What is the healthiest bread?

By Madeline Holcombe, CNN

One of the foods many people hate to love is bread.

It tastes so good, but we often get messages that, nutritionally, it’s so bad. There are entire diets centered around cutting out bread and other carbohydrates and shaming people who eat them, said Natalie Mokari, a dietitian based in Charlotte, North Carolina.

“I see a lot of clients that think they should not be eating bread, which is sad to me because bread is a great source of whole grains,” she said.

Yes, it’s true: Bread can be part of a balanced diet, and carbs are crucial to good health, she said.

It could be a good idea to get two to three daily servings of whole grains, which can be found in bread, as they can prevent type 2 diabetes, cardiovascular disease, and colorectal, pancreatic, and gastric cancers, according to a 2017 study.

“We need carbohydrates to function,” Mokari said. “Carbs are brain food. If you notice, whenever you don’t have carbohydrates, you feel really sluggish, you might have brain fog, you just don’t have as much energy.”

If you are looking for the healthiest bread, there are many factors to consider, like what kind you buy, what you eat with it and how balanced your relationship with it is, Mokari said.

Wheat, white and sourdough

Is there a type of bread that is more nutritious than the others? It depends on what you are looking for.

“It’s important to define your health goals,” said Steph Grasso, a dietitian and TikTok creator based in Washington, DC. “What does healthy mean?”

Wheat breads offer more vitamins, whole grains and fiber, and they have less of a negative impact on blood sugar, which can be helpful for people who have insulin resistance, Mokari said.

But some people just have a strong preference for white bread, and to them, Mokari says go for it.

“If you break it down and put the labels side by side, they’re not really that different,” she said.

For those who have concerns about gut health or who want to capture the taste of white bread without the same level of refining, she suggested trying out sourdough.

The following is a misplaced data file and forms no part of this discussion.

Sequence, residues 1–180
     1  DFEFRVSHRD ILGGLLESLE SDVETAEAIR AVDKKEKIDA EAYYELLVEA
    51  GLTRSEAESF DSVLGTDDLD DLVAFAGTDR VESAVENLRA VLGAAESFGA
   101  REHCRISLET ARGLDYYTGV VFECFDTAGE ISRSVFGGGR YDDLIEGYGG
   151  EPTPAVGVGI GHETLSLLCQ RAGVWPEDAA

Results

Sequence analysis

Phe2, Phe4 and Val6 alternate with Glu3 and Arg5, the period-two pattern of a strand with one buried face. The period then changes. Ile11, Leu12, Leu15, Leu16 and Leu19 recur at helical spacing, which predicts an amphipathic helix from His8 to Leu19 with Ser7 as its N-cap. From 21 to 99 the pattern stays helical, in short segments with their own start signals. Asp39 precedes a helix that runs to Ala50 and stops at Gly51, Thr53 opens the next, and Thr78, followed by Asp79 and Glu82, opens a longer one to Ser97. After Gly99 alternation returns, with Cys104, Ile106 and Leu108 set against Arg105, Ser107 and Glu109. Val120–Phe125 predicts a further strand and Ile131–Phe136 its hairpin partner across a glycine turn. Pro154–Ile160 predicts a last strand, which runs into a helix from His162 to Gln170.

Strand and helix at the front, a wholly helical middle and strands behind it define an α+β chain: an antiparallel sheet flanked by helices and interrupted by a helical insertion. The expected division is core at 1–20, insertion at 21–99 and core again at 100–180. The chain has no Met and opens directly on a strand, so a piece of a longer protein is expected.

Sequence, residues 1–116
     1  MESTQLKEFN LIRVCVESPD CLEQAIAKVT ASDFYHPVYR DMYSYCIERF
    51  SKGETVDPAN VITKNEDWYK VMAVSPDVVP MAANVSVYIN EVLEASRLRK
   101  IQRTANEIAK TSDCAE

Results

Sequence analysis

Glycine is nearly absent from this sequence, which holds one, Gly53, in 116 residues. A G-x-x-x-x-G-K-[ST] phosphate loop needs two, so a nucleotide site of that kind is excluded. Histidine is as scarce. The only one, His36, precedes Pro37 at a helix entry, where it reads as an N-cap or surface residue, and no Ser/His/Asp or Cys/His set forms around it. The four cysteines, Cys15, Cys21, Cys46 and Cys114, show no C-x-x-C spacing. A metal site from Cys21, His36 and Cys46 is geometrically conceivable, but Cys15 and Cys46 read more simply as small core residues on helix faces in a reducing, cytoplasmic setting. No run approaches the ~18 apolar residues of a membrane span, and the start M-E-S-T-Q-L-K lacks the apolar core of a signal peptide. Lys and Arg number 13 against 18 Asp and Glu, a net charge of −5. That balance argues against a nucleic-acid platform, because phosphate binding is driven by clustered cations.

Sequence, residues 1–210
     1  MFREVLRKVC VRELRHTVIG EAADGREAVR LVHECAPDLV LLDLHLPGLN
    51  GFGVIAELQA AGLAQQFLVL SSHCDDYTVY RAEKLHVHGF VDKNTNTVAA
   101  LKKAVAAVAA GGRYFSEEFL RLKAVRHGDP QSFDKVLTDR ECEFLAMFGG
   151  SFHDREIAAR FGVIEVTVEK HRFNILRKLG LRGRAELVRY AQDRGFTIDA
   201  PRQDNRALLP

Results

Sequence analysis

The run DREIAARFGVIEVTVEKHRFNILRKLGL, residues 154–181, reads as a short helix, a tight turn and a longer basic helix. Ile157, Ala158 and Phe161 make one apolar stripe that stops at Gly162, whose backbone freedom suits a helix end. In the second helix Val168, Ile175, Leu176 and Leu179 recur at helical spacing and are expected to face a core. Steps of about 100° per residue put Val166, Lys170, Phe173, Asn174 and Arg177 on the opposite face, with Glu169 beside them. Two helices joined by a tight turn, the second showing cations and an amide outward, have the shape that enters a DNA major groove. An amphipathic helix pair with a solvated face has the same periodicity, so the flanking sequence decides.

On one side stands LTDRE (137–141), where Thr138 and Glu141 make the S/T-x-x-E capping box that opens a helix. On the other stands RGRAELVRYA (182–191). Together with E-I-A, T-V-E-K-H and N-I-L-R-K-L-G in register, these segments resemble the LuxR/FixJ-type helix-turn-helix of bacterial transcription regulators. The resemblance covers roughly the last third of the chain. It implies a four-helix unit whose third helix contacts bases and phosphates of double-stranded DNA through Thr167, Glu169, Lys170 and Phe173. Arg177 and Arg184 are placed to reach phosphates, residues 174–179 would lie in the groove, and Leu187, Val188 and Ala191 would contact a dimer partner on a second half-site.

Sourdough is fermented, a process that can be helpful to gut microbiomes, and if what you have is truly slow-fermented sourdough, you may be able to digest the gluten easier.

Beyond the type of bread, Mokari recommended looking at how it is made. Look for simple ingredients, like flour, water, salt and yeast, she said, especially because it’s easy to sneak higher levels of sugar and sodium into bread products.

If you are looking for more fiber, whole grains are the way to go, Grasso said. To avoid misleading labels, check the list of ingredients – the first word should be “whole” if it’s really whole grain bread, she added.

For a little extra fiber, look for bread with seeds in the crust, Grasso said.

And if possible, buying from local bakeries can help you find good-quality, fresh bread with simple ingredients, she advised.

What about diet or low-carb breads? Mokari is not a fan. They usually have more added and unnecessary ingredients to make them taste better, she said.

“But I respect people’s wishes if they truly feel that low-carb is best for them,” she said.

Add to it

Rarely do people just eat bread by itself, so it is important to think about the nutrition of the whole meal.

If you are worried about blood sugar, bread can be part of a balanced meal if you add healthy fats and proteins, Mokari said.

Carbohydrates like those in bread can give you a quick hit of energy that crashes if eaten alone, but adding in protein and fat helps keep your momentum sustained, Grasso said.

“Whether it is whole grain or white bread, I’m going to encourage somebody to always have a protein and a fat with it,” Mokari added.

For example, if you are making breakfast, try pairing toast with eggs, avocado or peanut butter, she added.

For lunch, sandwiches are underrated for their ability to combine proteins, produce, healthy fats and carbohydrates, Grasso said. And if she is having a big salad with protein for dinner, she always makes sure she has carbs like a piece of bread to go with it.

“It’s about balance,” Grasso said. “At the end of the day it’s going to give you energy – it’s going to make you feel good.”

Work with yourself

Even more than finding the best ingredient label, it’s important to know what works for you, Grasso said.

Breads can range widely in price, but you can find something that fuels you just as well no matter the budget you have, she said.

“Fancy doesn’t mean it’s always better,” Grasso said.

And if you like bread, eat it in ways you enjoy, because restricting yourself severely from foods you like can backfire – and it’s just not a very happy way to live, she said.

“Just like anything, the more you restrict the more you’re going to want it, so keep it in the mix,” Mokari said.

There might be some anxiety around carb-heavy foods like bread, because diet culture has made many people think that it makes people gain weight, Grasso said. But carbohydrates serve an important purpose, and without them you may end up feeling sluggish and irritable, she added.

“Take that stigma away from bread and those other carbohydrate foods that have been demonized and include that as part of a balanced diet,” Mokari said.

“You’ve just got to treat your body nicely,” Grasso said. “It’s healthier to have a non-restrictive mindset and balance it out through your day.”

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